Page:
Best-selling journalist Antony Loewenstein trav­els across Afghanistan, Pakistan, Haiti, Papua New Guinea, the United States, Britain, Greece, and Australia to witness the reality of disaster capitalism. He discovers how companies such as G4S, Serco, and Halliburton cash in on or­ganized misery in a hidden world of privatized detention centers, militarized private security, aid profiteering, and destructive mining.

Disaster has become big business. Talking to immigrants stuck in limbo in Britain or visiting immigration centers in America, Loewenstein maps the secret networks formed to help cor­porations bleed what profits they can from economic crisis. He debates with Western contractors in Afghanistan, meets the locals in post-earthquake Haiti, and in Greece finds a country at the mercy of vulture profiteers. In Papua New Guinea, he sees a local commu­nity forced to rebel against predatory resource companies and NGOs.

What emerges through Loewenstein’s re­porting is a dark history of multinational corpo­rations that, with the aid of media and political elites, have grown more powerful than national governments. In the twenty-first century, the vulnerable have become the world’s most valu­able commodity. Disaster Capitalism is published by Verso in 2015 and in paperback in January 2017.

Profits_of_doom_cover_350Vulture capitalism has seen the corporation become more powerful than the state, and yet its work is often done by stealth, supported by political and media elites. The result is privatised wars and outsourced detention centres, mining companies pillaging precious land in developing countries and struggling nations invaded by NGOs and the corporate dollar. Best-selling journalist Antony Loewenstein travels to Afghanistan, Pakistan, Haiti, Papua New Guinea and across Australia to witness the reality of this largely hidden world of privatised detention centres, outsourced aid, destructive resource wars and militarized private security. Who is involved and why? Can it be stopped? What are the alternatives in a globalised world? Profits of Doom, published in 2013 and released in an updated edition in 2014, challenges the fundamentals of our unsustainable way of life and the money-making imperatives driving it. It is released in an updated edition in 2014.
forgodssakecover Four Australian thinkers come together to ask and answer the big questions, such as: What is the nature of the universe? Doesn't religion cause most of the conflict in the world? And Where do we find hope?   We are introduced to different belief systems – Judaism, Christianity, Islam – and to the argument that atheism, like organised religion, has its own compelling logic. And we gain insight into the life events that led each author to their current position.   Jane Caro flirted briefly with spiritual belief, inspired by 19th century literary heroines such as Elizabeth Gaskell and the Bronte sisters. Antony Loewenstein is proudly culturally, yet unconventionally, Jewish. Simon Smart is firmly and resolutely a Christian, but one who has had some of his most profound spiritual moments while surfing. Rachel Woodlock grew up in the alternative embrace of Baha'i belief but became entranced by its older parent religion, Islam.   Provocative, informative and passionately argued, For God's Sakepublished in 2013, encourages us to accept religious differences, but to also challenge more vigorously the beliefs that create discord.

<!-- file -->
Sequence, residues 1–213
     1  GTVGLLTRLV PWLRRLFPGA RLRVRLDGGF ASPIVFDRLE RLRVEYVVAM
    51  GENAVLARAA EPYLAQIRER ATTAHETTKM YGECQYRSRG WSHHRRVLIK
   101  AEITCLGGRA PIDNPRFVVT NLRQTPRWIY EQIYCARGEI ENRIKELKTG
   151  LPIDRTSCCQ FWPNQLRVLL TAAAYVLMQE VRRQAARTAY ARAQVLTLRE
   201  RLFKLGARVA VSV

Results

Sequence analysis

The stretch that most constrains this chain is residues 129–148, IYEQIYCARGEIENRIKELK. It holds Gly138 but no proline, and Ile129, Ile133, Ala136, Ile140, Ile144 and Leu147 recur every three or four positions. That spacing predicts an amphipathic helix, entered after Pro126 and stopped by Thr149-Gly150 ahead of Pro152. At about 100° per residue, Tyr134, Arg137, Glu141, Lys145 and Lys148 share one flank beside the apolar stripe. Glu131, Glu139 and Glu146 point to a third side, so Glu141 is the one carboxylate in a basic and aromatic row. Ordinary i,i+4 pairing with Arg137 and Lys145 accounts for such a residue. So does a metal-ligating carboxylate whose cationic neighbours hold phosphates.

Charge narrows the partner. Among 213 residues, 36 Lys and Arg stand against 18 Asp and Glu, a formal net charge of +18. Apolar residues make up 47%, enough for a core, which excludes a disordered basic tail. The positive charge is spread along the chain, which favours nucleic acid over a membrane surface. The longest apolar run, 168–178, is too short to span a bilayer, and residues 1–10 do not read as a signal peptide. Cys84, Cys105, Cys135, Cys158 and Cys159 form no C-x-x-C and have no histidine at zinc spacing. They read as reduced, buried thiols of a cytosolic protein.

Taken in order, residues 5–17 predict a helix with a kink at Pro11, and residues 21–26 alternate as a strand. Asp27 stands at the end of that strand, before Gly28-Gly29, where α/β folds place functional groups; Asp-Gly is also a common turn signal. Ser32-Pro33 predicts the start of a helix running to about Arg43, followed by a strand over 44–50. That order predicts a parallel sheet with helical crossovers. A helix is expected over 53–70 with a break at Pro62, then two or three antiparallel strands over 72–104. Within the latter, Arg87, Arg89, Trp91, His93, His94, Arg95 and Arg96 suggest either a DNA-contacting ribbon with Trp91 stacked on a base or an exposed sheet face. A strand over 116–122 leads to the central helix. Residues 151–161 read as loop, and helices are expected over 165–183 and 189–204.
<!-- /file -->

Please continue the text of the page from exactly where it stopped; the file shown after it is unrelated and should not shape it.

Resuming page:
After Zionism, published in 2012 and 2013 with co-editor Ahmed Moor, brings together some of the world s leading thinkers on the Middle East question to dissect the century-long conflict between Zionism and the Palestinians, and to explore possible forms of a one-state solution. Time has run out for the two-state solution because of the unending and permanent Jewish colonization of Palestinian land. Although deep mistrust exists on both sides of the conflict, growing numbers of Palestinians and Israelis, Jews and Arabs are working together to forge a different, unified future. Progressive and realist ideas are at last gaining a foothold in the discourse, while those influenced by the colonial era have been discredited or abandoned. Whatever the political solution may be, Palestinian and Israeli lives are intertwined, enmeshed, irrevocably. This daring and timely collection includes essays by Omar Barghouti, Jonathan Cook, Joseph Dana, Jeremiah Haber, Jeff Halper, Ghada Karmi, Antony Loewenstein, Saree Makdisi, John Mearsheimer, Ahmed Moor, Ilan Pappe, Sara Roy and Phil Weiss.
The 2008 financial crisis opened the door for a bold, progressive social movement. But despite widespread revulsion at economic inequity and political opportunism, after the crash very little has changed. Has the Left failed? What agenda should progressives pursue? And what alternatives do they dare to imagine? Left Turn, published by Melbourne University Press in 2012 and co-edited with Jeff Sparrow, is aimed at the many Australians disillusioned with the political process. It includes passionate and challenging contributions by a diverse range of writers, thinkers and politicians, from Larissa Berendht and Christos Tsiolkas to Guy Rundle and Lee Rhiannon. These essays offer perspectives largely excluded from the mainstream. They offer possibilities for resistance and for a renewed struggle for change.